||9 years ago|
|lib||9 years ago|
|.gitignore||9 years ago|
|CHANGELOG.md||9 years ago|
|Gemfile||9 years ago|
|LICENSE.txt||9 years ago|
|README.md||9 years ago|
|Rakefile||9 years ago|
|knife-cookbook-sync.gemspec||9 years ago|
knife cookbook sync
Note: this gem has been renamed to be more conformant with knife plugin naming on rubygems.org. The original gem was named knife_cookbook_sync.
Sync your cookbooks faster than
knife cookbook upload or alternatives.
knife cookbook sync is primarily a development tool, but can be used for
production work with careful coordination with an external cookbook resolver.
Here's the meat.
knife cookbook sync vs
knife cookbook upload with a
pre-uploaded corpus of 39 cookbooks, using the standard unix
time utility to
benchmark on MRI 1.9.3-p327 and chef 10.16.2:
knife cookbook sync -a: 1.31s user 0.15s system 72% cpu 2.020 total
knife cookbook upload -a: 1.34s user 0.15s system 15% cpu 9.684 total
Instead of resolving and uploading everything (or even what you ask to upload), it uses the cryptographic sums chef already generates to determine what needs to be uploaded, and only uploads what's different.
This means it does not check versions and dependencies. It cheats, so you
should be sure you have your ducks in a row before uploading by using a
cookbook resolver. This only matters for determining what to upload -- cookbooks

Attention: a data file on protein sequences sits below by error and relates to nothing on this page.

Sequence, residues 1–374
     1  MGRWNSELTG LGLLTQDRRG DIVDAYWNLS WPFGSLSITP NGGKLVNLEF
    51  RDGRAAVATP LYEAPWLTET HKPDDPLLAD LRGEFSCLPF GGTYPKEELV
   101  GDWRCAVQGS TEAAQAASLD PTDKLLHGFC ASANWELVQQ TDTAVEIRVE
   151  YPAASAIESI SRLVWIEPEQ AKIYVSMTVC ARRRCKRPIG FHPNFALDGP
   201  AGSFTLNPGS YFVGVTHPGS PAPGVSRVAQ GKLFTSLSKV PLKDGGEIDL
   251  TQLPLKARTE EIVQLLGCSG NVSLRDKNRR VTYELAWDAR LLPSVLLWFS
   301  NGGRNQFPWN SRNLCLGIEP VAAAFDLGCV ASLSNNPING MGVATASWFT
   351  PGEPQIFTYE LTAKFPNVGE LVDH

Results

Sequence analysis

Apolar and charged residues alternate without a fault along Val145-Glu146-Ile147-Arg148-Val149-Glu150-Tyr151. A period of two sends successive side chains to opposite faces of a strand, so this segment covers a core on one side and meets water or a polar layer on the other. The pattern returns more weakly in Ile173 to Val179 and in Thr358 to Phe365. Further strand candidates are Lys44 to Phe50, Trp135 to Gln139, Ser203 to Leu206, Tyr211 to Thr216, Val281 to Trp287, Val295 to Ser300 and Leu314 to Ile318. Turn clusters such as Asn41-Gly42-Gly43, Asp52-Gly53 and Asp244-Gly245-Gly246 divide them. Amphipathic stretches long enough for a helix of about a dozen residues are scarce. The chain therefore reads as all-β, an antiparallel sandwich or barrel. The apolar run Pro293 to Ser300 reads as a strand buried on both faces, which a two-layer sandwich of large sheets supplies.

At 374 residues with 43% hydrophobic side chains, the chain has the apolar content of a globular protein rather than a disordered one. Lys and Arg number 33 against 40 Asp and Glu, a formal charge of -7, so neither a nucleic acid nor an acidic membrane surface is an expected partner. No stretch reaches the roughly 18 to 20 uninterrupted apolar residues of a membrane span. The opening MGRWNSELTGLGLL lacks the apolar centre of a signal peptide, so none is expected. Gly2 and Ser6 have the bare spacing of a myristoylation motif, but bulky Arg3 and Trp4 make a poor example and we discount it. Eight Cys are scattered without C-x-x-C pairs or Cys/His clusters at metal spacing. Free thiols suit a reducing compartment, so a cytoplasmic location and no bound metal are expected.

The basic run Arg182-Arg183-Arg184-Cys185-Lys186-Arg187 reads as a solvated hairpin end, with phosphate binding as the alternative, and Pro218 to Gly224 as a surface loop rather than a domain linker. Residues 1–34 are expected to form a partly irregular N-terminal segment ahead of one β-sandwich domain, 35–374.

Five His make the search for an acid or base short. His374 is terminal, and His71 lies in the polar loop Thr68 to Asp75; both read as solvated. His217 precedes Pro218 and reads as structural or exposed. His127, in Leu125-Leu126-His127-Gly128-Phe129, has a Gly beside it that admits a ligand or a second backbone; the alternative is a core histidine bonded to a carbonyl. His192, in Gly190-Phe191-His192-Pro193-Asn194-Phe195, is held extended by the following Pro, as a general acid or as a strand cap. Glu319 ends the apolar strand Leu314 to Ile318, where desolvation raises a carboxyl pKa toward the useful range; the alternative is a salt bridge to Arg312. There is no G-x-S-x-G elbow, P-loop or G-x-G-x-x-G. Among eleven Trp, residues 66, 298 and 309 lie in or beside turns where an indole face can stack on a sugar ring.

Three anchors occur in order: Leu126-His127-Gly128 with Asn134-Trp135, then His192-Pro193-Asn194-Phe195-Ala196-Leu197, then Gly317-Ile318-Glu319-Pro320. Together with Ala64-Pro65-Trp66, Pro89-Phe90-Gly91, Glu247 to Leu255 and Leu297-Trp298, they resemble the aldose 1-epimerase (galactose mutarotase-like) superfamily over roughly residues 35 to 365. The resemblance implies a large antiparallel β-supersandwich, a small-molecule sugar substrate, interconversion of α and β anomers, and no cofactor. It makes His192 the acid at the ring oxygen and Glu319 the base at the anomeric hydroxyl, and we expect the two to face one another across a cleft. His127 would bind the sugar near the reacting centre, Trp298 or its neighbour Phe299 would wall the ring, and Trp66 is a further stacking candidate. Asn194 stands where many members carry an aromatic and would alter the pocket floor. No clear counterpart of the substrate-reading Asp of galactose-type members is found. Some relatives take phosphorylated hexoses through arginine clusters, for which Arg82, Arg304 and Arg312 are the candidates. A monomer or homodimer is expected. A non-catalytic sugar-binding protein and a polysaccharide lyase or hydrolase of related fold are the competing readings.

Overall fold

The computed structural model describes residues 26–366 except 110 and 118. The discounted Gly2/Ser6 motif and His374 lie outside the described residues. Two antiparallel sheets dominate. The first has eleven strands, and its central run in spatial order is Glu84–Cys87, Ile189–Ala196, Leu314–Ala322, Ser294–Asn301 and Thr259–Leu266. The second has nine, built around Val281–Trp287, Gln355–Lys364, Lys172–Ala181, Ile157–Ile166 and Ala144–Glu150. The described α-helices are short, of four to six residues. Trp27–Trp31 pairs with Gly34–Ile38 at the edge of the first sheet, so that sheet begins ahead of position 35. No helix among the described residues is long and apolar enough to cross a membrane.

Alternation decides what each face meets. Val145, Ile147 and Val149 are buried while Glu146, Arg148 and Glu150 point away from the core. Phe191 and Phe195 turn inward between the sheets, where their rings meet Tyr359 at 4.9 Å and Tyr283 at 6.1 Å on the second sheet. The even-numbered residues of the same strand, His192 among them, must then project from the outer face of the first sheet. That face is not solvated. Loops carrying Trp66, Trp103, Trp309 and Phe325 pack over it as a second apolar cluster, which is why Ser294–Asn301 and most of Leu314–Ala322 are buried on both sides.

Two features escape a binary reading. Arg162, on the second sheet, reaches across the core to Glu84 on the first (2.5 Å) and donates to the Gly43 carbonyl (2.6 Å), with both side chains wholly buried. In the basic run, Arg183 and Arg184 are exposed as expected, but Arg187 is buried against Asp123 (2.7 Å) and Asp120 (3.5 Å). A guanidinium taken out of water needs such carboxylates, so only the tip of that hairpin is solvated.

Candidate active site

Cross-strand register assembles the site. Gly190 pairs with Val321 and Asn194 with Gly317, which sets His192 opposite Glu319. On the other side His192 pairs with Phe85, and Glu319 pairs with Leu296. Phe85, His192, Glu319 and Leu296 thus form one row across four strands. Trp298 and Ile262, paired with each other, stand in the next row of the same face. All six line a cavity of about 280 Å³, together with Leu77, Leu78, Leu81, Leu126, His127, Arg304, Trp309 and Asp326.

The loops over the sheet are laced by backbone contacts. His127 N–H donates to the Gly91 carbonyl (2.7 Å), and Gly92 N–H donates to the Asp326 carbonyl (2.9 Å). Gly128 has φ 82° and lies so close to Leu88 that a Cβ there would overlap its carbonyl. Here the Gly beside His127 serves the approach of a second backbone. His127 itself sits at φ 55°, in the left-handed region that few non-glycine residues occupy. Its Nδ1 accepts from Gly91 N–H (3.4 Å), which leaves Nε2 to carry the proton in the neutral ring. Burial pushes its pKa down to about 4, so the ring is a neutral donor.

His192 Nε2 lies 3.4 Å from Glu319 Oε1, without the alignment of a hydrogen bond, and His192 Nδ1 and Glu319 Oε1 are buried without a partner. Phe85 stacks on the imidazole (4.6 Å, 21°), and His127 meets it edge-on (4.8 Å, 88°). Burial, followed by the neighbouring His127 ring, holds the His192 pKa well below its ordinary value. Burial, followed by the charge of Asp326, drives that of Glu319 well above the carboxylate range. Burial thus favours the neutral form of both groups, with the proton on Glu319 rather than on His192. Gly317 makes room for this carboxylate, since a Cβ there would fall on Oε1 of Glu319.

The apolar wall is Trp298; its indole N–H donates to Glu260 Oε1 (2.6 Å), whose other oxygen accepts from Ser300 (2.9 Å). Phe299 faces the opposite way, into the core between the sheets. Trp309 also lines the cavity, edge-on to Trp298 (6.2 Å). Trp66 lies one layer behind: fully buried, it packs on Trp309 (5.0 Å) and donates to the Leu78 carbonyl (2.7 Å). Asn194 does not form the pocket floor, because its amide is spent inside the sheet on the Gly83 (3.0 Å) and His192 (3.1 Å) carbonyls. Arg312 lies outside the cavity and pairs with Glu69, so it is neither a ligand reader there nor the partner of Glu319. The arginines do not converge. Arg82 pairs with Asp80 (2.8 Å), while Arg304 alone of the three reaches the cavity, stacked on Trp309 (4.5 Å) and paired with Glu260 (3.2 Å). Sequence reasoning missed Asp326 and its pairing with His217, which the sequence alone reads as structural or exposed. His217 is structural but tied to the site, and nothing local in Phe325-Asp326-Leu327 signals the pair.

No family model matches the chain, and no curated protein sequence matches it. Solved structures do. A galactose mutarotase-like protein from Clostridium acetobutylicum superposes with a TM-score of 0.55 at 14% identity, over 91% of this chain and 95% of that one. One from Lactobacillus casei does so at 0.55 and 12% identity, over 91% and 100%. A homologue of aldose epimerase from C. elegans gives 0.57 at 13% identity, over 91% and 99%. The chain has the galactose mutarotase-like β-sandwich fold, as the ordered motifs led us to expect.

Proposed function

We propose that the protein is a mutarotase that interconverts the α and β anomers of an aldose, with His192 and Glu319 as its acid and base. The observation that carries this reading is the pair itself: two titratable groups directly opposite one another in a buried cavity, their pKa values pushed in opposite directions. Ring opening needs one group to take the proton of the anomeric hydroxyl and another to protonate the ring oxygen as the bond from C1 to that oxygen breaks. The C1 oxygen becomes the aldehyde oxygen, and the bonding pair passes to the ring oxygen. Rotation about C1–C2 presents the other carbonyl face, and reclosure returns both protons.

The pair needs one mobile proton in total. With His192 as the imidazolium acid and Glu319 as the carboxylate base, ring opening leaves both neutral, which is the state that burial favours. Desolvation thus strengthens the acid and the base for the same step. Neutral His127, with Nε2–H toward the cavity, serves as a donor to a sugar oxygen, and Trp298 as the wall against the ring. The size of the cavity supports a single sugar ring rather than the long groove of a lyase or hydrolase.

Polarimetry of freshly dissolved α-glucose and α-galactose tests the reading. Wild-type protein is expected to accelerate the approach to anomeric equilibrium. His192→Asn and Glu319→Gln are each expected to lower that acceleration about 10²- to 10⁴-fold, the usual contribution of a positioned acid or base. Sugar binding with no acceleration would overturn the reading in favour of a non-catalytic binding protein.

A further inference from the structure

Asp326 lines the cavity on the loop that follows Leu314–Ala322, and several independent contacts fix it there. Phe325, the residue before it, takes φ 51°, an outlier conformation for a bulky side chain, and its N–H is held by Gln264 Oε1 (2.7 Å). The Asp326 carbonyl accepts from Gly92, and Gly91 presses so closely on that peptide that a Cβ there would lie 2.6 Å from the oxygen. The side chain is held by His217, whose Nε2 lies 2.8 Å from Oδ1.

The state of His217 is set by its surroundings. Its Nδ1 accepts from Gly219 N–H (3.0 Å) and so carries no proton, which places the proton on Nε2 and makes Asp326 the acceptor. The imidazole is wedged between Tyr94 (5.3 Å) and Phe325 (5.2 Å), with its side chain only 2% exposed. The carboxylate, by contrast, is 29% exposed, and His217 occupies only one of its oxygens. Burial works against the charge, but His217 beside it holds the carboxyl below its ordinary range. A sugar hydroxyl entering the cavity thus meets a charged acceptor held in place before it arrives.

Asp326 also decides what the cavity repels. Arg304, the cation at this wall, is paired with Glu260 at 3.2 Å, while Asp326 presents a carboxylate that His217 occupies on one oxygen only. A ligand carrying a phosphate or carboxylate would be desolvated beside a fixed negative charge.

knife cookbook sync are no different otherwise (and in fact use
chef's own cookbook uploading tooling to do it).
Unsurprisingly, the more that has changed, the more the performance will
decrease slowly towards
knife cookbook upload performance. The gains are
really only seen when you need to sync whole repositories where most or all of
the product that's on-disk has already been uploaded. It's particularly nice
for fast test cycles where you just don't want to care just yet what cookbooks
have changed. However, you can use it for all uploading without any real issue.
knife cookbook sync has no dependencies other than chef, and is compatible
with both chef 10.x and 11.x.
Add this line to your application's Gemfile:
And then execute:
Or install it yourself as:
$ gem install knife-cookbook-sync
knife cookbook sync takes a list of cookbooks or
-a to upload everything.
It uses your
knife.rb settings to determine what's available
to upload which is overridable by
If you pass
-d, it'll perform a "dry run" and just show you what it would
See "Exit Statuses" below for information on how
knife cookbook sync can let
you know what it did (you know, for scripting yo).
For more information, use
knife cookbook sync --help.
The following exit codes are used in various situations:
- 0: nothing went wrong, but we did not see anything different. Works in dry run and sync mode.
- 1: Something is not right -- usually this means you have a broken
cookbook_pathor did not supply
-o. Whereever Chef is sending its UI output will have the information you seek (usually Standard Error).
- 5: nothing went wrong, but there are differences between what's in your
cookbook_pathand the chef server. Works in dry run and sync mode.
We support chef-workflow by way of a task you can use.
Add the 'knife-cookbook-sync' gem to your
0.1.0 or later),
and this to your
And you'll have a
chef:cookbooks:sync rake target you can use.
- Fork it
- Create your feature branch (
git checkout -b my-new-feature)
- Commit your changes (
git commit -am 'Add some feature')
- Push to the branch (
git push origin my-new-feature)
- Create new Pull Request
- Erik Hollensbe firstname.lastname@example.org